For our small part we will continue to attempt to keep the history, ideas, and knowledge alive and spread it to any and all who have an interest in taking those lessons and applying them.”

  4. Jurriaan Bendien says:

    I have tried to check the NZ data that are available online.

    In the 2014 NZ general election, there were 3,391,100 eligible voters, of which 3,060,957 enrolled (90.2%) and 2,416,479 of enrolled voters actually voted (circa 78.9%). The voters who cast a vote were 71.2% of the adult population eligible to vote.

    In the 2017 NZ general election, there were 3,569,830 eligible voters, of which 3,252,259 enrolled (91.1%) and 2,563,740 are currently *estimated* to have voted (circa 78.8%). The voters who did cast a vote are 71.18% of the adult population eligible to vote.

    So, the number of people who did not vote, although they were enrolled to vote, has stayed steady at around 21%, or about one in five. In total, about 28.8% of the eligible voters, about a quarter of them, just do not vote, although in principle they could do so if they would register to vote.

    What has increased somewhat, is the number and proportion of people who enrolled to vote, and presumably they enrolled, because they were interested in the election, and intended to participate, or because the electoral registration system has been made easier for them, or both. That’s an extra two hundred thousand people or so on the electoral roll.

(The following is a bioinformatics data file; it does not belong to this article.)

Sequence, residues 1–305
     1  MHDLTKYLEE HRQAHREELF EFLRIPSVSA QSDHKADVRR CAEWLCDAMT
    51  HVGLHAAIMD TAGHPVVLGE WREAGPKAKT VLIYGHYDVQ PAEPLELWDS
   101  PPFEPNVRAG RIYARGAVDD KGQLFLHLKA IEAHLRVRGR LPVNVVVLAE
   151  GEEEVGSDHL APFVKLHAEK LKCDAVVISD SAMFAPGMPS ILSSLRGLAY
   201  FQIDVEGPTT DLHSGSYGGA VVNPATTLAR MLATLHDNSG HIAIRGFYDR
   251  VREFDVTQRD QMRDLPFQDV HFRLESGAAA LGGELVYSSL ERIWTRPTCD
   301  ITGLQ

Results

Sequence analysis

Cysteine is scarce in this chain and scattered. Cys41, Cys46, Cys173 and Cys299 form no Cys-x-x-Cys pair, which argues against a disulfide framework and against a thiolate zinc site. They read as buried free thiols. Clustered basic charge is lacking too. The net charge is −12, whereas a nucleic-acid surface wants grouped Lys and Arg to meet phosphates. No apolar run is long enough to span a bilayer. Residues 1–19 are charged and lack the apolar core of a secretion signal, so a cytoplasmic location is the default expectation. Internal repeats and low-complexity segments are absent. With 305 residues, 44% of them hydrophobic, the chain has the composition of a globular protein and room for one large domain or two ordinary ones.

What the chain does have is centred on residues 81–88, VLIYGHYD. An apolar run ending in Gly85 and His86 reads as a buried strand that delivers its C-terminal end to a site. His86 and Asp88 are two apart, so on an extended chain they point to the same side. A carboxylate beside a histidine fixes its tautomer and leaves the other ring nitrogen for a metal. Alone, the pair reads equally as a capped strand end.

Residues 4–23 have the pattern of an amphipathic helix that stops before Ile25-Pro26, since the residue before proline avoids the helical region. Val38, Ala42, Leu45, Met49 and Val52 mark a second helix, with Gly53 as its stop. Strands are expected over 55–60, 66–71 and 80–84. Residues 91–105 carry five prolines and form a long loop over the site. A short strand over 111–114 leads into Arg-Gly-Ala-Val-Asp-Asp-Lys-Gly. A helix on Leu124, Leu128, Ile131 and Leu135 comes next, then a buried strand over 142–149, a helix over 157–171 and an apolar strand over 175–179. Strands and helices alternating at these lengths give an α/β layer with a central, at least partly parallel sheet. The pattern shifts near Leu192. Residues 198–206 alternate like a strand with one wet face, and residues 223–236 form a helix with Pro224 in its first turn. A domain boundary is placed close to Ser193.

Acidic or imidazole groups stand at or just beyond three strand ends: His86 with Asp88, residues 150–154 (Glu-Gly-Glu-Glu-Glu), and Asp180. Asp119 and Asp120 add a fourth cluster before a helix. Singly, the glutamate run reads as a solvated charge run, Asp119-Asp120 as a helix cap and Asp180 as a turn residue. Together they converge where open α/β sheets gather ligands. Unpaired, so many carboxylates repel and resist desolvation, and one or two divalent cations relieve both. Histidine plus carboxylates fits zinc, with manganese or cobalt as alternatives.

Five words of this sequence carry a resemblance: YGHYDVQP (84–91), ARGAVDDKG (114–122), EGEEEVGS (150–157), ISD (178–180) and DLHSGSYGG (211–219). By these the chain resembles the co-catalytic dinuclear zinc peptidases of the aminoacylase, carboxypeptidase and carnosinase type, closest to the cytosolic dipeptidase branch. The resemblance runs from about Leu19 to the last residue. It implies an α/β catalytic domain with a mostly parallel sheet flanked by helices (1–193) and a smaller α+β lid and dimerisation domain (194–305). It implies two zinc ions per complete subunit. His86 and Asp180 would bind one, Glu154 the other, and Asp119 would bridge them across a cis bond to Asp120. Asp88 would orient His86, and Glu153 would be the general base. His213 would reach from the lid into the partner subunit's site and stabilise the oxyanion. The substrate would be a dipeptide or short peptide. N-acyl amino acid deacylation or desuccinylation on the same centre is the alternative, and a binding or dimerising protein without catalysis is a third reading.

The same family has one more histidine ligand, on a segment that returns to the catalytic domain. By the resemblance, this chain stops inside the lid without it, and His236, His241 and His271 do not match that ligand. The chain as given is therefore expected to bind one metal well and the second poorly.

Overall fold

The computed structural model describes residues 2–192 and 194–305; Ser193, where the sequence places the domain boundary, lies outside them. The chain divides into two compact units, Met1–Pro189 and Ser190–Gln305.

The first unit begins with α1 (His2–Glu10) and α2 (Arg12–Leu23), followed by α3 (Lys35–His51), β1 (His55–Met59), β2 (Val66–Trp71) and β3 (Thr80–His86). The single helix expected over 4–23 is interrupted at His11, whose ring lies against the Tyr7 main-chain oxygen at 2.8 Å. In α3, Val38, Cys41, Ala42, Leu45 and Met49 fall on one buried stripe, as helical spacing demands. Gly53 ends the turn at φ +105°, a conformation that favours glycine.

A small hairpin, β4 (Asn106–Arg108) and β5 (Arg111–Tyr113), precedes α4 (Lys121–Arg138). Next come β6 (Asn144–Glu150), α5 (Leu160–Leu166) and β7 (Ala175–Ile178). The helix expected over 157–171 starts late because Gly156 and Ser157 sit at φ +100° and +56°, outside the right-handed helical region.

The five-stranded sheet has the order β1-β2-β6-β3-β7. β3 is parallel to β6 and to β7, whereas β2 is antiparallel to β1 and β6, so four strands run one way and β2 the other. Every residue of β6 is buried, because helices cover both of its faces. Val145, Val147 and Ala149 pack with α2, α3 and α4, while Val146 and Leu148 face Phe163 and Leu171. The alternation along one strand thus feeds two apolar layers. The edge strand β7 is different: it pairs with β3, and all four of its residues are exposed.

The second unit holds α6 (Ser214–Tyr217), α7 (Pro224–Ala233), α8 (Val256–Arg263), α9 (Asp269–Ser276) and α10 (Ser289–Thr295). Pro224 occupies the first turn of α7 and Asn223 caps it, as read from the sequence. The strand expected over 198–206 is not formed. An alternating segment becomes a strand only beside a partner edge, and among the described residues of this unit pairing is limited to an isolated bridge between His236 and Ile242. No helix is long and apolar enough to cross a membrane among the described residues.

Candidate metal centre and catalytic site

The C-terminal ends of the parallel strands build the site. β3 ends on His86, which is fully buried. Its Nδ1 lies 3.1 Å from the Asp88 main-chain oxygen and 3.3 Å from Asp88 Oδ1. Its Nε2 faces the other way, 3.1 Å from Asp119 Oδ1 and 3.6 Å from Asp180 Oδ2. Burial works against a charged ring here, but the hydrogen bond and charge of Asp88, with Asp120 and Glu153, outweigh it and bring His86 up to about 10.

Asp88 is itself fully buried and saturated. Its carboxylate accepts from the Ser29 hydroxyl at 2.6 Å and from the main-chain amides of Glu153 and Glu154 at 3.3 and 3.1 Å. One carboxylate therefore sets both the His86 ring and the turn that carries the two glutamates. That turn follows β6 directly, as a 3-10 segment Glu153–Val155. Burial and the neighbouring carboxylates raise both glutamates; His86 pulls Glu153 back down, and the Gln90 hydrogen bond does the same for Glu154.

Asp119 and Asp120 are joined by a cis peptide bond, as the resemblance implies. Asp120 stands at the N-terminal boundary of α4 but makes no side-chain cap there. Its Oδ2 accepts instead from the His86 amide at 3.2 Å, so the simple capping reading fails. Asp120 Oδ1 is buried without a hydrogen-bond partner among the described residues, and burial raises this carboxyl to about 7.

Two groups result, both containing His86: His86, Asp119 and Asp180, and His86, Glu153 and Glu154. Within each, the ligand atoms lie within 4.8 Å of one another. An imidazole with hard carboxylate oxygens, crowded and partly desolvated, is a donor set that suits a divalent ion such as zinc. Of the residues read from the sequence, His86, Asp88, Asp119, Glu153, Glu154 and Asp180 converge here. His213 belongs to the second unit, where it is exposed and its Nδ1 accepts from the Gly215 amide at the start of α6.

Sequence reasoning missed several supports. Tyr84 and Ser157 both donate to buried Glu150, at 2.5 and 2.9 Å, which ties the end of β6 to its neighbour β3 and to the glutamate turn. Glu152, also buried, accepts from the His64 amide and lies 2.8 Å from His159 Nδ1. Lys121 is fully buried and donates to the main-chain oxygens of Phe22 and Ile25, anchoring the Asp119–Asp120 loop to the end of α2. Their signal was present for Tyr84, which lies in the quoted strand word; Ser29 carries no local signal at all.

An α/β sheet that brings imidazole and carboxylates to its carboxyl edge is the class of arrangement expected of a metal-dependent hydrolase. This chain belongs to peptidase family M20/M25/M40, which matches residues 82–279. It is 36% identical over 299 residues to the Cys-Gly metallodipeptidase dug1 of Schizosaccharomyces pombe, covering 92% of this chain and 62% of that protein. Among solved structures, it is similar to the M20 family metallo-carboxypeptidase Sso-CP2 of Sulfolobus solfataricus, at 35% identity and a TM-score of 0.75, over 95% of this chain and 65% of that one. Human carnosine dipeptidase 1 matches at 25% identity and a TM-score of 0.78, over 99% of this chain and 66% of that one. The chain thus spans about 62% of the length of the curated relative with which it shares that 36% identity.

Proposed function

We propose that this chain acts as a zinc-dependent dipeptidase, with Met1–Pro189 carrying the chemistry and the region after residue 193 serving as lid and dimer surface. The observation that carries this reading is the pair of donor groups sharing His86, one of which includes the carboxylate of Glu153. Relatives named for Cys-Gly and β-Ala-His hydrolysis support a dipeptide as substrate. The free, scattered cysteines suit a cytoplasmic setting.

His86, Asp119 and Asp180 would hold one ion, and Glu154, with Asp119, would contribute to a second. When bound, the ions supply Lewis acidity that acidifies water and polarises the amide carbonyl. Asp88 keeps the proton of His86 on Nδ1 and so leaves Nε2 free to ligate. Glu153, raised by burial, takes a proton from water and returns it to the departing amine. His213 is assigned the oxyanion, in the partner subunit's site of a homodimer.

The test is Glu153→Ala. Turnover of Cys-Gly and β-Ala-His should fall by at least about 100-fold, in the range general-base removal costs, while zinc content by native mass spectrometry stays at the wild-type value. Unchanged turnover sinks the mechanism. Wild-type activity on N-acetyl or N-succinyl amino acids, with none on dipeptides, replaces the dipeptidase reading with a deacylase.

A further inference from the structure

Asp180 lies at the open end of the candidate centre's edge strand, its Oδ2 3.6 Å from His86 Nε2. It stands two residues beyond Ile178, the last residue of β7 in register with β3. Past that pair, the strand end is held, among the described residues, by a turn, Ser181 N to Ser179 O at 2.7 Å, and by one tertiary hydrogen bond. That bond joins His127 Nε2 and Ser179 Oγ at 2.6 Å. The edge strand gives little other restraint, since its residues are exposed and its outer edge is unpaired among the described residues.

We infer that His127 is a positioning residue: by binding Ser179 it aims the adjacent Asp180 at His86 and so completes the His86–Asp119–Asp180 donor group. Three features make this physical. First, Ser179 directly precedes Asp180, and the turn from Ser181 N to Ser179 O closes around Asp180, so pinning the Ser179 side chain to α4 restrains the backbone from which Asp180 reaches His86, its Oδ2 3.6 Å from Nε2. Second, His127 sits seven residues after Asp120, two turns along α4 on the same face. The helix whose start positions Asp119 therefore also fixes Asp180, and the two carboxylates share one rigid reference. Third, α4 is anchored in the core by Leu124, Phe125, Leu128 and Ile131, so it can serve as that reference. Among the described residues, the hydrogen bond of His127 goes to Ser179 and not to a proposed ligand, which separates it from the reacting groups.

It is true, that the total resident adult population in New Zealand is circa 3.7 million, i.e. more than the eligible population, but there are perhaps 185,000 adult residents who, for one legal reason or anoother, are not eligible to vote. For example, there were about 122,000 foreign students in NZ in 2016, and there are a considerable number of foreign nationals who are residents for a shorter or longer term.

    At time of writing, no data is available yet for overseas votes and late votes.

    Before the election, many people expected a very low turnout, because of cynicism and skepticism about the political process and about politicians. But it is likely that the turnout was higher than expected, because people had the impression that there was now a real possibility for a change of government.

  5. Admin says:

    I don’t know if ‘many’ people expected a low turnout; I think in the weeks leading up to the election the talk was much more about how “Jacinda” had galvanised a lot of people, especially young people, into voting and the expectation was that the turnout could well be higher than in 2014. But it hardly went up at all. National did a bit better than expected and Labour improved at the expense of the Greens and NZ First, while still getting a bit less than the final polls predicted. Overall, however, the polls in the final week proved pretty accurate.


  6. Jurriaan Bendien says:

    You altered your original webtext after I posted my comment, so I will leave it at that.

  7. Phil says:

    My mistake was actually first noted by Craig H on facebook and also by Tim Bowron. Then by you. It’s good to get picked up when making these kinds of mistakes – actually it was a rookie error I made, so a bit embarrassing! But these things happen – especially in the early hours of the morning.

    In just the few minutes I watched the TV3 coverage, Duncan Garner banged on at least twice – so how many times did he do it altogether that night? – about an “historic fourth term National government”, when the second National Party government was a four term government (1960-72). So I guess I shouldn’t feel too bad about forgetting about special votes!

  8. Alan Scott says:

    68 years have passed since 1949. Conservative National governments have held the reins of power for 47 of those, and pale pinkish-blue pseudo-Labour governments, the remaining 21.

  9. Phil F says:

    And the government that workers were best off under was the 1960-72 National Party government.